We can’t always see that ultimate end, but right here and now, as we allow God to comfort us in the middle of our sadness, we find that he brings to us others who also need to be comforted. Paul begins his second letter to the Corinthians with these words: “Praise be to the God and Father of our Lord Jesus Christ, the Father of compassion and the God of all comfort, who comforts us in all our troubles, so that we can comfort those in any trouble with the comfort we ourselves receive from God.” The ministry of comfort is one that we can best extend only after we ourselves have suffered and found comfort in God. Infertile couples know a particular kind of sadness; they are then gifted to comfort others who find themselves in similar circumstances.
Another temptation is to think that infertility is the hardest child-related trial to bear, particularly if your church community is full of families with lots of small children. But a moment’s consideration will open your eyes to other adults who may also find it hard at times to sit in a sea of happy families: single people who long to be married, those who are divorced or widowed, parents whose children have renounced the faith or have simply drifted away from the gospel—not to mention the weary mother who has averaged four hours of sleep a night for the last two weeks. Recognizing our own sadness, loneliness, and need for comfort can make us more attentive to those around us who also need encouragement.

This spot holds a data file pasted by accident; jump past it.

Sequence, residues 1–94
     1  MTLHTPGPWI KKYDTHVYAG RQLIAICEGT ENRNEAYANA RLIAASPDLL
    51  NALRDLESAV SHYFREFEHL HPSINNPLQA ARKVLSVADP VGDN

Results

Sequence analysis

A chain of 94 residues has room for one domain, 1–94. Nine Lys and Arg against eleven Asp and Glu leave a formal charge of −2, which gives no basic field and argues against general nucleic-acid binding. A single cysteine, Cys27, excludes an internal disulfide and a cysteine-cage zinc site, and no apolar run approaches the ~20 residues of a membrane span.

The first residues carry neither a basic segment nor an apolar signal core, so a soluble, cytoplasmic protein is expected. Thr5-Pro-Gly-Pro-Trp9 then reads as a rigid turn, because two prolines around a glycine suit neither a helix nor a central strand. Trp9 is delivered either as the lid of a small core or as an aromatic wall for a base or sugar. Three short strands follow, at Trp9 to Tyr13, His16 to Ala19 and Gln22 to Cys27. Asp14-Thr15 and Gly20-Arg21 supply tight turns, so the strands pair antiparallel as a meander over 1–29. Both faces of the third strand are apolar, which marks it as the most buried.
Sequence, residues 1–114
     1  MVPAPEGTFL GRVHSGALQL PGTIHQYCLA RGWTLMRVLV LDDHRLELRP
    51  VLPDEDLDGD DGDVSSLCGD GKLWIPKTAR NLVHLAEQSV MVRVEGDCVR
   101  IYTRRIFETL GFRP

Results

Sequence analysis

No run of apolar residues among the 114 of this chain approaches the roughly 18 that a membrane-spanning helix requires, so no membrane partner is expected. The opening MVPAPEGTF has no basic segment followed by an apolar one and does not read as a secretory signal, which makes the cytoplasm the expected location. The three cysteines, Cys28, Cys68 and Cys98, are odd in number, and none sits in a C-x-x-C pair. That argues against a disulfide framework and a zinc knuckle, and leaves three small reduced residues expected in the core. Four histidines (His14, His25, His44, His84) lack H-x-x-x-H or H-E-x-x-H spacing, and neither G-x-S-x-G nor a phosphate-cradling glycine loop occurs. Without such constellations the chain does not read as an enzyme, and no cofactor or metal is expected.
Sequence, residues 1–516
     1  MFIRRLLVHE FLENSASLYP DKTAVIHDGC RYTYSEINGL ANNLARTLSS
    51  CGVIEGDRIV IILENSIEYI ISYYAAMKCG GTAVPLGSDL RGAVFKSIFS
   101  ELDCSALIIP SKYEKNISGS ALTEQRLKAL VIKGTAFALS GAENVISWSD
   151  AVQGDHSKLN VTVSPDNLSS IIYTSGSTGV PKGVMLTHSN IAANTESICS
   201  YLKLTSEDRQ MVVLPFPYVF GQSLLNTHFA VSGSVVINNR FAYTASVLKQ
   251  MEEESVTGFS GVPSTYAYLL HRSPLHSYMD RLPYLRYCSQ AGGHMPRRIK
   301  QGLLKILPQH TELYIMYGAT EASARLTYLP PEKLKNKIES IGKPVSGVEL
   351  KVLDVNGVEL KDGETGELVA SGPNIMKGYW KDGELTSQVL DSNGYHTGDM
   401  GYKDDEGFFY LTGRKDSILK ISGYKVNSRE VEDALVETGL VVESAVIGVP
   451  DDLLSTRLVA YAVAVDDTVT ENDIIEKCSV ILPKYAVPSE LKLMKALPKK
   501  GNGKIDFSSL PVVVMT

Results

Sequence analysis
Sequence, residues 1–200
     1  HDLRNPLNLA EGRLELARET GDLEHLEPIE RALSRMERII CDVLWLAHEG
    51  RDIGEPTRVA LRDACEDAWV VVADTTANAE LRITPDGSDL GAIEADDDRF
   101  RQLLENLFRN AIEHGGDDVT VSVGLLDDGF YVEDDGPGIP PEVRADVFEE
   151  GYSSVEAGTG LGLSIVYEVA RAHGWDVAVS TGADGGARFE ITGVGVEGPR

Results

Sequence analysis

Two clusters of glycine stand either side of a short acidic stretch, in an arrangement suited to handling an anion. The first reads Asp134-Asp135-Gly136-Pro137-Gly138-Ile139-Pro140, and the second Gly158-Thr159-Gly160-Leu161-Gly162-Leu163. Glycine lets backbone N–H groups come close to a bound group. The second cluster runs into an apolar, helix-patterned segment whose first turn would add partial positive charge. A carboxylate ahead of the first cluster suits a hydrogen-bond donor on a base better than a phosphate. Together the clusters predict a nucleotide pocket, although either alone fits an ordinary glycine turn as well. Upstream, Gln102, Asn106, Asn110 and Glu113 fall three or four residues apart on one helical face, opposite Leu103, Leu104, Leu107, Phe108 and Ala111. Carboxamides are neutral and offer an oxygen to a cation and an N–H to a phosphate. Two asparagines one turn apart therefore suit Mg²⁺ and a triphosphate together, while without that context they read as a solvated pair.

A third temptation is to permit the desire for a child to become idolatrous. Children are a blessing from the Lord; they are part of the “good” of this world, of creation. But they are not the ultimate good. Having a child will not fulfill your deepest longings. Our hearts are restless until they find their rest in God, Augustine said many years ago. And human hearts have not changed in the subsequent centuries. When any of the good things that God has made assume an ultimate status in our lives, they become idols. This is a temptation we must avoid. Please do not misunderstand. We raise this issue with great tenderness. It is not wrong to deeply desire to have a child, to pray for a child, and to take earnest steps to conceive or adopt a child. But we must never let our desires become a demand that God answer our prayers according to our own plans and desires. To move from desire to demand will only increase the sorrow of infertility, rather than relieve it.
A fourth temptation is to covet other people’s good providence in this area. It may be hard at times to feel happy when you hear of yet another friend who has become pregnant. But the command not to covet is, positively, the command to love. God gives us the grace to love him enough to be content with our circumstances and to love our neighbors enough not to covet their good providence, but instead to rejoice in it.